BUT, here is the interesting contradiction: with scarce supply, prices should go up. There is a scarcity of low wage workers, particularly for cleaners. Employers have persistent vacancies. What have they NOT raise wages to attract more people into the sector? Is the supply of cleaners so inelastic? Is there some "ceiling" on what employers are willing to pay? Employers have said that they cannot raise salaries because then they can't make competitive bids, and they can't get contracts, and they go out of business. 

Rather, it is best to not be the first mover. Let their competitors bid high, lose contracts, go out of business, and reduce competition, free up their cleaning staff to be hired by other cleaning companies, who can then bid competitively and continue to survive in the business.

Prisoner's Dilemma for the cleaning companies.

Well, now the govt has set de factor minimum wage for cleaners. Let's see how that works. It would seem promising. On paper.]

Terrorism : An Imaginary War

Jan 31, 2014

Don't fall for a terrorist's bait

WHAT happened on Sept 11, 2001, when Al-Qaeda suicide terrorists crashed aircraft into New York's World Trade Centre, was tragic.

But the United States' response the following day created a new set of problems, says Professor Mark Juergensmeyer, an expert on religious violence.

That was the day the US described the attack as "an act of war".

"It bit the bait Osama bin Laden had laid for the US. I thought to myself, 'Why on earth are we promoting the ideology of Osama bin Laden?'.

"By going for the military solution, we validated bin Laden's view with our own rhetoric and actions," he says.

The US decision later to invade Afghanistan and Iraq gave more credibility to Osama's propaganda and he painted a picture of America as an enemy of Islam and a vile foe that tortured captured Muslim terrorists.

A better option would have been to fight the terrorists using non-military methods from civil jurisdictions.

The US should have used the police to hunt down the terrorists and brought the perpetrators before the courts, he believes.

"People like Osama bin Laden should not be given the credibility of a great statesman who can engage in a war against the US.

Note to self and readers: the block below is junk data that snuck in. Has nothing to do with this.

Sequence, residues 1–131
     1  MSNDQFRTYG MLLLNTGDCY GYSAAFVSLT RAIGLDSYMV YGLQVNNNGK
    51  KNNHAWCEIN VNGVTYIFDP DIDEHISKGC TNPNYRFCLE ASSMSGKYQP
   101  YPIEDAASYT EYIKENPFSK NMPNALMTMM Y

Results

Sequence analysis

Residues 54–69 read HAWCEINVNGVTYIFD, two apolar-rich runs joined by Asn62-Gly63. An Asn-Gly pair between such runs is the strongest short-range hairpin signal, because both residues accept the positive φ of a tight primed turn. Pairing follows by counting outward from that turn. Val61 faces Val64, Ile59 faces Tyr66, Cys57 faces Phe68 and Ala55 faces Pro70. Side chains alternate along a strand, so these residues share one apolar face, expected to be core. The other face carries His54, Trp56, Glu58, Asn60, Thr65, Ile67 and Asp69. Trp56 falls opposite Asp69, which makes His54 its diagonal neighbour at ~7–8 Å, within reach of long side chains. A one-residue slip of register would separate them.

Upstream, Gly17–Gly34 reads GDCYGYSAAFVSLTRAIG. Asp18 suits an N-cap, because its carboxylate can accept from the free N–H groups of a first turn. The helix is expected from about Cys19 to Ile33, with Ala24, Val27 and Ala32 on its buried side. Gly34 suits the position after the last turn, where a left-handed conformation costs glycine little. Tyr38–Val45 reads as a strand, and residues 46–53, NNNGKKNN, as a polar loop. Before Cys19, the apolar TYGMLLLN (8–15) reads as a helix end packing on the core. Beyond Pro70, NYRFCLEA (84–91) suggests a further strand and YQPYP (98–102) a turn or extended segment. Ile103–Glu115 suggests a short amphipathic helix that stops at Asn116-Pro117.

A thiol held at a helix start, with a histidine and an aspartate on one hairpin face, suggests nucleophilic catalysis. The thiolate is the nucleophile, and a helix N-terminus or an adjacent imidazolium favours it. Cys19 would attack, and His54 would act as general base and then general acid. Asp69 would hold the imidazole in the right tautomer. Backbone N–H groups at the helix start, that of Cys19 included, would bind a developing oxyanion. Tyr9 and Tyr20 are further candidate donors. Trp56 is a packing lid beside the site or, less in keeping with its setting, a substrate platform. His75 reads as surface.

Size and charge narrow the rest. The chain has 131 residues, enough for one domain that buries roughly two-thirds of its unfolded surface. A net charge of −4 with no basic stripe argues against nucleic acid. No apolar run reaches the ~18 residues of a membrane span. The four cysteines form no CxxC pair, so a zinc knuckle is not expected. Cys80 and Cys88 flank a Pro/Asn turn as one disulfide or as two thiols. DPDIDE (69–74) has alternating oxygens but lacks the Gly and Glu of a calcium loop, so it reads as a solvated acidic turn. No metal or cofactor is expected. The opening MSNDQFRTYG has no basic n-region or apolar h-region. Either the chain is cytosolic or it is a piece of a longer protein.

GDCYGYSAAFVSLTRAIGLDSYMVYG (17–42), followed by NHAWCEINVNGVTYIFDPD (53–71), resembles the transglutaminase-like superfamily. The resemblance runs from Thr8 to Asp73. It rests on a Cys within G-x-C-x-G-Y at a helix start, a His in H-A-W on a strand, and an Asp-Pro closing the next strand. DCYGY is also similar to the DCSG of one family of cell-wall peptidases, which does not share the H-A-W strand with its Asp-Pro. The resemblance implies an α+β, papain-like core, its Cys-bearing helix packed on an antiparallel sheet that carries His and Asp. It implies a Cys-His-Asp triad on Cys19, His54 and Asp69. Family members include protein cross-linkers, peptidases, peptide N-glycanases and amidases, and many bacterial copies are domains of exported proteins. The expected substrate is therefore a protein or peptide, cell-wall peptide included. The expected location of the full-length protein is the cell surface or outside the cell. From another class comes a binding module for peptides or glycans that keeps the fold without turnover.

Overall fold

"Bin Laden should have been regarded as a petty little burglar and a vicious killer that he was. He should have been brought to justice in a court of his peers and shown to be the simple little egomaniac that he was," he says.

But when the US fought him on his terms, it entered into war with him, turning the imaginary war in Osama's mind into a real one.

"The key lesson is not to buy into the terrorists' language and not bring the battle to their level.

"Once you do that, you lose," says Prof Juergensmeyer.

Jan 31, 2014

Battling cosmic wars in the minds of terrorists

By M. Nirmala

"MR MARK, you just don't get it. All of you are like sheep!

"There's a war going on, a battle between good and evil. You just don't see it. Your government will not let you see it."

It was 1997, and the speaker was red-haired Egyptian terrorist Mahmud Abouhalima.

Mahmud had been sentenced to 240 years in jail for his role in masterminding the February 1993 explosion at New York's World Trade Centre, which killed six people and injured about 1,000.

Surrounded by a dozen heavily armed prison officers, the unrepentant terrorist was being interviewed in the United States by Professor Mark Juergensmeyer, an American expert in the study of religious violence, who is now 72.

The soft-spoken, silver-haired professor had just asked Mahmud why he resorted to terrorism in the name of religion.

Mahmud then leaned over to the don, a move that prompted prison officers to dive in to protect the visitor.